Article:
1. Scott take a look @ the open remote project, I believe you’ll find it very interesting when it comes to “a dashboard” implementation.

  7. I have never understood why the energy component in terms of what is being used by appliances is not required by law to be built in…should not the consumer him or herself see what is being used on a daily basis by the appliances and not cede control to utility companies??

  8. Martin Flusberg Tuesday, July 5, 2011

    For consumers, the key is what value is being provided. As several people have noted, and has been covered in postings before, there is a fatigue factor related to in home displays and energy dashboards with limited information. The eMonitor by Powerhouse Dynamics is not about an in home display (there isn’t any) or even a web dashboard (there is an excellent one); it is about proactively making consumers aware of savings opportunities as well as problems and issues with their appliances and other home devices, based on actual usage. Savings in the range of 15-20% have routinely been reported; ongoing savings in excess of 30% are not uncommon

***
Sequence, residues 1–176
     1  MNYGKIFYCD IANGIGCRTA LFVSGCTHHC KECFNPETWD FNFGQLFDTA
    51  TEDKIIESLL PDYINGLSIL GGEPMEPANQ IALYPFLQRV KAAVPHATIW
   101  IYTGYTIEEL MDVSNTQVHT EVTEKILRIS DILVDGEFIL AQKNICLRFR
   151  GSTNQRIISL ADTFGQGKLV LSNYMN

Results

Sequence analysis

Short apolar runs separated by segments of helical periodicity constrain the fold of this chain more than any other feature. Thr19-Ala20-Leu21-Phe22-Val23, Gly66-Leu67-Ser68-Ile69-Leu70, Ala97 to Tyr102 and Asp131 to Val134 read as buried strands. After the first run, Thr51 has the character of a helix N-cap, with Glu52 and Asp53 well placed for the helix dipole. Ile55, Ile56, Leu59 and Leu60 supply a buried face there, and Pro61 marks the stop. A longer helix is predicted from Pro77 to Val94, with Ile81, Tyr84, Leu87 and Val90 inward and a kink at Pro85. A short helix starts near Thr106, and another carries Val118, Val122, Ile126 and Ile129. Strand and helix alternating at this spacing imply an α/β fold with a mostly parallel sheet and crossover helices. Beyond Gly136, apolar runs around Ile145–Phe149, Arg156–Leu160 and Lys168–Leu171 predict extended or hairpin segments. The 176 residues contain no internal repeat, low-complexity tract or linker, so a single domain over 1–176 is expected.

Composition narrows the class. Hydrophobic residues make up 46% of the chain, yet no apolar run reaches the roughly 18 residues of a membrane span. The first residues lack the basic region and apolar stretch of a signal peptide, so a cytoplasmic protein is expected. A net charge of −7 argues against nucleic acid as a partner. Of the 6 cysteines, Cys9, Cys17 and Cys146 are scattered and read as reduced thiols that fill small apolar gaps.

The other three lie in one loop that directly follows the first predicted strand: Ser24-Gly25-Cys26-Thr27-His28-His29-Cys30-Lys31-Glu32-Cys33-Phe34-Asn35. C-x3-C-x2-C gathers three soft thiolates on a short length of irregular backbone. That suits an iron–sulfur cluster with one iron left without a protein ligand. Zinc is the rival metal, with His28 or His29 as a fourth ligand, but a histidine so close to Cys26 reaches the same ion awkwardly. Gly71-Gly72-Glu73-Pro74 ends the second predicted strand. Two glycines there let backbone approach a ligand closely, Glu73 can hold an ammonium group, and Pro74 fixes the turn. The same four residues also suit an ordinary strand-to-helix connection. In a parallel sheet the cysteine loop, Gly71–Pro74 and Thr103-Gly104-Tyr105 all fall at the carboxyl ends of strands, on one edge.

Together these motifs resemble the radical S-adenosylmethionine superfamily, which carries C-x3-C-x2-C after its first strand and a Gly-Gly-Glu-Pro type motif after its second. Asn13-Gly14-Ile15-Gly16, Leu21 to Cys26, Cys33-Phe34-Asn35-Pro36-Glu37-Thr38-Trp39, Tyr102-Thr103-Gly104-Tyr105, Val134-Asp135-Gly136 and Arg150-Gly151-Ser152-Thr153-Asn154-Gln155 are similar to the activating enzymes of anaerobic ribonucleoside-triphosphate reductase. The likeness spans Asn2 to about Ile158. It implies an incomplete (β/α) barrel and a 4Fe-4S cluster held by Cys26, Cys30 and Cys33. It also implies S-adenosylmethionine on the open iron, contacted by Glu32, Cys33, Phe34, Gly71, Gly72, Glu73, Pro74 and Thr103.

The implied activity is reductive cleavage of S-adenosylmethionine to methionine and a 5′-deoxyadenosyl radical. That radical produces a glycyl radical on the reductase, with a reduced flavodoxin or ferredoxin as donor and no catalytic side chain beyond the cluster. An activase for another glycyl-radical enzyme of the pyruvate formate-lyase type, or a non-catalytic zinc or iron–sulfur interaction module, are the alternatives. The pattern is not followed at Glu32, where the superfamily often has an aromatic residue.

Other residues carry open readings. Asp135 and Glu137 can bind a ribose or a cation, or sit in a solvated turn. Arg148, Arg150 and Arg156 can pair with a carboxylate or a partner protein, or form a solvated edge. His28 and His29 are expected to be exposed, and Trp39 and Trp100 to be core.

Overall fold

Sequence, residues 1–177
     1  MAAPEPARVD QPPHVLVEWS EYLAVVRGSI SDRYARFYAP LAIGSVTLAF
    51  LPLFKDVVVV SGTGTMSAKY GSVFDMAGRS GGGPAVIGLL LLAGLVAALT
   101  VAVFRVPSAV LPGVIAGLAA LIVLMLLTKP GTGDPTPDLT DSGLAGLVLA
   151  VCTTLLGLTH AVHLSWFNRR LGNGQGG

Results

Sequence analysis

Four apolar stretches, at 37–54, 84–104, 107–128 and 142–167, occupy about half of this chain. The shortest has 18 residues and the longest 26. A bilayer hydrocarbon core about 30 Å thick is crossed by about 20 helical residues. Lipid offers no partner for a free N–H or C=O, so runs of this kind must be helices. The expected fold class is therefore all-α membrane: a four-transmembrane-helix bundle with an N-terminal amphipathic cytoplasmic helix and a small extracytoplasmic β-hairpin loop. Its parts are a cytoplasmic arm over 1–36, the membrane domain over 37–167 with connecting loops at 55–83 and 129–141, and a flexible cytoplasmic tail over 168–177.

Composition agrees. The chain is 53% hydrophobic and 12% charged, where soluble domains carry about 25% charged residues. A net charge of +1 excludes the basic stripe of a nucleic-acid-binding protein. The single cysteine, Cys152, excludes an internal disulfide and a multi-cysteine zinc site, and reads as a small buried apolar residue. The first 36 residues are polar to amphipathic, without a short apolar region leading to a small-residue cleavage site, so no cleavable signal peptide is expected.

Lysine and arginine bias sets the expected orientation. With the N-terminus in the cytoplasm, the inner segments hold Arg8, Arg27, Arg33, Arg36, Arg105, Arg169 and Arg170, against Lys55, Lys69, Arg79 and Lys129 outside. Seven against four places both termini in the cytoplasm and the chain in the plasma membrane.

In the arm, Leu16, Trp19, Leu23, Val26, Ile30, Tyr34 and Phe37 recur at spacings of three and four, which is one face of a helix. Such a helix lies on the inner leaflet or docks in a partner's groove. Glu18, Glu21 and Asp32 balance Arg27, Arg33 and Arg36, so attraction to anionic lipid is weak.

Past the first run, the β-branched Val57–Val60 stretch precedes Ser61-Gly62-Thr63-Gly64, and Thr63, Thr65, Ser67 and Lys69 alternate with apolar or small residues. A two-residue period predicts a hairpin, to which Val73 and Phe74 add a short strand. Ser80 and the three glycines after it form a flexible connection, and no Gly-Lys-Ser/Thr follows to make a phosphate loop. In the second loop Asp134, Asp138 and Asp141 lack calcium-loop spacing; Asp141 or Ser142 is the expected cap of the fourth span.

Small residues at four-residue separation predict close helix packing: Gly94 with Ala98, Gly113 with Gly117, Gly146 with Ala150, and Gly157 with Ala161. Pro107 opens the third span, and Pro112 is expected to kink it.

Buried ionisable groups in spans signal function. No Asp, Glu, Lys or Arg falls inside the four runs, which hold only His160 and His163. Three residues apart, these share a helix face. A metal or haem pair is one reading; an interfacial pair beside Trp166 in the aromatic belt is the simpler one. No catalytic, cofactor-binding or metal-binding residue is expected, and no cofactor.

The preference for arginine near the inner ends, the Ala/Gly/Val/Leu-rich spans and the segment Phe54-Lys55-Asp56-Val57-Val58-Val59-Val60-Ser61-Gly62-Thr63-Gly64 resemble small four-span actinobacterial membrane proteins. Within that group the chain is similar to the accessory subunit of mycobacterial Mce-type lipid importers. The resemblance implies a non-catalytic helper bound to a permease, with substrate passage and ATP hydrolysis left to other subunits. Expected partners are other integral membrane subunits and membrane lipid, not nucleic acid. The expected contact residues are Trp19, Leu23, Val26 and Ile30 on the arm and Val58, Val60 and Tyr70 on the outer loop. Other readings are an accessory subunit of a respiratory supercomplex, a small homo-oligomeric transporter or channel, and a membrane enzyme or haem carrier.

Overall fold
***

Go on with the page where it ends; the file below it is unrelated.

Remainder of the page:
9. Don’t forget WattzOn, a BusinessWeek Best Idea of 2008, which provides free and easy tools for consumers to understand and manage their energy use, including automated connection to dozens, and growing, of energy utilities.

    Originally created by Raffi Krikorian (@raffi of Twitter) and Saul Griffith (MacArthur “Genius” Award Winner), WattzOn recently combined with Ennovationz, a Silicon Valley based consumer energy efficiency company launched by veterans from MIT and Microsoft. WattzOn is growing and continues to roll out new features and capabilities.

    Wattzon has also been selected by the PBS series, Earth the Operator’s Manual to support viewers in creating personalized energy savings plans.

  10. I have had a TED, Blueline and Wattvision. The Wattvision is the most stable and easiest to install. It’s web interface is also the best.